Paper No. 12
Presentation Time: 11:05 AM


QUICK, Lynnae C., Earth & Planetary Sciences, Johns Hopkins University, 3400 North Charles Street, Olin Hall, Baltimore, MD 21218 and MARSH, Bruce D., Earth and Planetary Sciences, Johns Hopkins University, 3400 North Charles Street, Olin Hall, Baltimore, MD 21218,

Europa, the smallest of Jupiter’s Galilean satellites, has a relatively young surface that may be due, at least in part, to cryovolcanic processes. The likelihood for cryovolcanism to occur on Europa hinges on the ability of icy magmas to retain heat while traversing the lithosphere.

Terrestrial volcanic processes occur when diapirism, diking and/or complex subsurface plumbing systems, capped by vertical conduits, deliver superheated magma to Earth's surface. One or more of these same processes would initiate cryovolcanism on Europa. In an effort to place constraints on the conditions under which cryovolcanic eruptions might occur, we have modeled the ascent of cryomagmas originating from the base of the ice shell of this intriguing satellite. Based upon magmatic heat transfer, dynamics, and brine composition, and assuming a geothermal gradient of 5.77 K/km, we present models for the transport of icy magmas to Europa’s surface via diapirsm, diking, and conduit transport.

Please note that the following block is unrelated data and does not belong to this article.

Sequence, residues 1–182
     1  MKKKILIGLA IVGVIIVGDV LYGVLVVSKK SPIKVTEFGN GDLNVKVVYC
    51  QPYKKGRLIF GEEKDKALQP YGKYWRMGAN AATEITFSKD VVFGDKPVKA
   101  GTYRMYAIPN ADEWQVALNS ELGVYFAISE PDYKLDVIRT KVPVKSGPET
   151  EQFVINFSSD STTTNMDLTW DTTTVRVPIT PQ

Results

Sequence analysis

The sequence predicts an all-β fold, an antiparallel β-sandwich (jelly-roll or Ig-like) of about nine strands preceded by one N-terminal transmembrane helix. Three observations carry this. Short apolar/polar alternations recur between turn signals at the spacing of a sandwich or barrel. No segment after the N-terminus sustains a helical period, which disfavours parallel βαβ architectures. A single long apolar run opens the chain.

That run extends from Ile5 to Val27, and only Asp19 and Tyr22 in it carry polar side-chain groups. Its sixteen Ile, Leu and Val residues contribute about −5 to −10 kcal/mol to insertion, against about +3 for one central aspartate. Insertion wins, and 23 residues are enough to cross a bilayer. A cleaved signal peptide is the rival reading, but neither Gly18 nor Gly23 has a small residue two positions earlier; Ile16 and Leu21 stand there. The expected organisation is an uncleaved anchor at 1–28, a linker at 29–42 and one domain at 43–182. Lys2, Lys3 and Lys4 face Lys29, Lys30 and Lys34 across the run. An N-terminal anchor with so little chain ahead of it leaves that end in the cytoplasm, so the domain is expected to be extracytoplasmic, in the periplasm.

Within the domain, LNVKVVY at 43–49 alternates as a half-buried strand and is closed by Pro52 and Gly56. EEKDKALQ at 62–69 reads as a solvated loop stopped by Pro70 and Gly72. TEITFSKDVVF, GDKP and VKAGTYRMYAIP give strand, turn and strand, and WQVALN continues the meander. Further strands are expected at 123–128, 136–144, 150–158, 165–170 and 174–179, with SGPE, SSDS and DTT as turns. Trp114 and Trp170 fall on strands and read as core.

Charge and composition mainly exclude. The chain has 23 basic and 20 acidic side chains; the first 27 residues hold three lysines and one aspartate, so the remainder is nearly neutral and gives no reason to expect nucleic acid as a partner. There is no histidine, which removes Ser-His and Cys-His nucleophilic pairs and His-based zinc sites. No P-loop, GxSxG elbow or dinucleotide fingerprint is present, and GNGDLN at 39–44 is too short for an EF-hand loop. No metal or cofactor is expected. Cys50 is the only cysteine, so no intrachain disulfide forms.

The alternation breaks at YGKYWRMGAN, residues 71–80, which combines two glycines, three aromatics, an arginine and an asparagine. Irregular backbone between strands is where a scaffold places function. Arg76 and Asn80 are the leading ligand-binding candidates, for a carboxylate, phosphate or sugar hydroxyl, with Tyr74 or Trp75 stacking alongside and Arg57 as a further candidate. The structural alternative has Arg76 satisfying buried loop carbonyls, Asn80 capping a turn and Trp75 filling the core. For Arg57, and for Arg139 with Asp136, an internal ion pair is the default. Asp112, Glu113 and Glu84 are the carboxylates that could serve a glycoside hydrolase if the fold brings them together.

Assuming that Europa’s lithosphere is currently in a steady-state, Stefan-type conductive regime, we find that the ice shell is approximately 30 km thick. Based on this value of lithospheric thickness, preliminary results from our model indicate that cryomagmatic diapirs with radii of 1km and 5km must travel in excess of 2x10-4m/s and 2x10-6m/s, respectively, to arrive at Europa’s surface at warm enough temperatures to initiate cryovolcanic events. Equivalent volumes of cryomagma ascending through the lithosphere in conduits must travel at least 5x10-6m/s, if the conduit has a radius of 0.21km, and 5x10-8m/s, if transported in a larger conduit with a radius on the order of 2km, in order to reach the surface prior to solidification. Finally, dikes that are on the order of 0.02 km thick must have propagation speeds of at least 1x10-2m/s, while their 0.1km thick counterparts must have propagation speeds of at least 2x10-4m/s, to deliver cryomagmas to the surface before solidification takes place. Based on heat transfer considerations, these results tell us that a slow-moving dike can deliver cryomagmas warm enough to facilitate cryovolcanism to the surface of Europa in, at most, approximately 5 years, while a slow moving diapir can take hundreds of years to deliver the same volume of melt to the surface at an equivalent temperature.